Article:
- The main actors in the destruction of Nigerian forests are the Chinese, Koreans and Lebanese
- Their main targets are Rosewoods, Araria, Mahogany and Iroko
- Annually (approximately 350, 000-400, 000 hectares) are destroyed in Nigeria with activities linked to Asian and Arab cartels
Nigerian forests and the resources they harbor are not only under attack by local and foreign killer herdsmen, but are also raped and stripped bare by Chinese, Lebanese and Korean illegal loggers, albeit in the most unsustainable manner, local media reports.
This was brought to the front burner of national discourse in Lagos on Wednesday, May 26, 2021 by the Nigerian Human Rights Community, NHRC, in a press conference titled “Illegal Wood Export in Nigeria and the Far-reaching Consequences on Economy, Human Rights and Sustainable Development in Nigeria.”
The paper by NHRC read by Taiwo Adeleye addressed the critical issue of devastation of Nigerian environment and illegal wood export which has left bitter pills on the lips of many Nigerian communities, Vanguard reports.
“The main actors in this fraud are the Chinese, Koreans and Lebanese who have no other jobs than to invade the forests, cut down the trees for export in the most ignoble, vicious and callous manners. There is no Environmental Impact Assessment, EIA, no prior and informed consent of affected indigenous communities while the desperate hunt for those precious forest reserves continues.
“It may interest Nigerians to know that these precious forests trees that cost fortunes are never replanted by these foreigners who feast on them. Their main targets are Rosewoods, Araria, Mahogany and Iroko.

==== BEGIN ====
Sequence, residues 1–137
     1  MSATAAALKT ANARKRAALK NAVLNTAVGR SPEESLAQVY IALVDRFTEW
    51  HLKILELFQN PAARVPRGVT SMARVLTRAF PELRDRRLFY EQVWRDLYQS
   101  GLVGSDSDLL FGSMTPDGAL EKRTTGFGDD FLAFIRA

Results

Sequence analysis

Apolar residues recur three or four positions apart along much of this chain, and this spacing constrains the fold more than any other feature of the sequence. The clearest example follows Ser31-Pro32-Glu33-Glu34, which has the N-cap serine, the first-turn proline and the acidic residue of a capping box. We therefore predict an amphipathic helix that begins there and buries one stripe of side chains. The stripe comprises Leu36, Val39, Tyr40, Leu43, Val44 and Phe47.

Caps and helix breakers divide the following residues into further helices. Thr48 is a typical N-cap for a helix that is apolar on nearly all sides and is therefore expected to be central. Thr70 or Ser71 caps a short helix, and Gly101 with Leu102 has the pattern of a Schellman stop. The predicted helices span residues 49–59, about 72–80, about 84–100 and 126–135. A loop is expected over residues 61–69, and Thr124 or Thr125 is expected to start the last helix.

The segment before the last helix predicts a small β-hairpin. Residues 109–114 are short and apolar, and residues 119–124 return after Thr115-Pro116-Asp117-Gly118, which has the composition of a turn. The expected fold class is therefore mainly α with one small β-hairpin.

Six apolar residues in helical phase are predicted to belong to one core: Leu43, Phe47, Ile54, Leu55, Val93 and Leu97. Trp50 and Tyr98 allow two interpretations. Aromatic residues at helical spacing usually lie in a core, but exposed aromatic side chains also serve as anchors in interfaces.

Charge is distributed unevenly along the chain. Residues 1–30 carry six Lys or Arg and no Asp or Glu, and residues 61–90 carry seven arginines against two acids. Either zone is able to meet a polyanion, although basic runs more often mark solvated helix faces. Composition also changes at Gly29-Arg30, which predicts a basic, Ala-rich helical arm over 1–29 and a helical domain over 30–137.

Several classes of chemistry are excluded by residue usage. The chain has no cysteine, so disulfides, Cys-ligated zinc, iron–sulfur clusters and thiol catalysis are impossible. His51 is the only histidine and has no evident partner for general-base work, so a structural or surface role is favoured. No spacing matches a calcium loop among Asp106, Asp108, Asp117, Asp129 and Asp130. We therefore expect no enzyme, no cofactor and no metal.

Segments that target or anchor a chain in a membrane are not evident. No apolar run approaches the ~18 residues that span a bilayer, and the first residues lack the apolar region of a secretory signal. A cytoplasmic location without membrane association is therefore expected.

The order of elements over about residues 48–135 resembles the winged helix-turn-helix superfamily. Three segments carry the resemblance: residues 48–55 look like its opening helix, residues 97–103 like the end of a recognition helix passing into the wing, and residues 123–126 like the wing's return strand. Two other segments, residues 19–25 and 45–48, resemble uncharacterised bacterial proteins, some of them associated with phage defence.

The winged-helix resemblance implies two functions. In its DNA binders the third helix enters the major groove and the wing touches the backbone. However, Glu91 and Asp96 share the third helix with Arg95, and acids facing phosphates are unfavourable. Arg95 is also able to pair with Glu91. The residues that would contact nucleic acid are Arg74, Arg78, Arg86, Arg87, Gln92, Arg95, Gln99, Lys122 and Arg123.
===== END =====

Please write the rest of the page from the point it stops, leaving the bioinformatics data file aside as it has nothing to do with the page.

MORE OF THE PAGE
“Annually, some 3.5 percent (approximately 350, 000-400, 000 hectares) are destroyed per year in Nigeria with these activities linked to the Chinese, Koreans and Lebanese cartels. The destruction of these forest reserves by these foreign interests has serious implication for sustainable livelihood in the country,” the conference declared.
The implications are damage to the local economy and natural habitat; increase in local timber prices leading to shutdown of factories, thereby forcing many out of jobs.
Additionally, local manufactures cannot get logs to run their factories.
Other consequences include destruction of the local industry; increase in timber prices leading to increase in cost of construction – housing, roads, drainages, flood works, etc.; violation of indigenous rights as communities resist the destruction of their lands leading to conflicts.
Observers and right groups await actionable steps to forestall this gross illegality, including a ban on the logging of Nigeria’s precious woods by the thieving foreigners, and punishment for all those collaborating in the illegal business.
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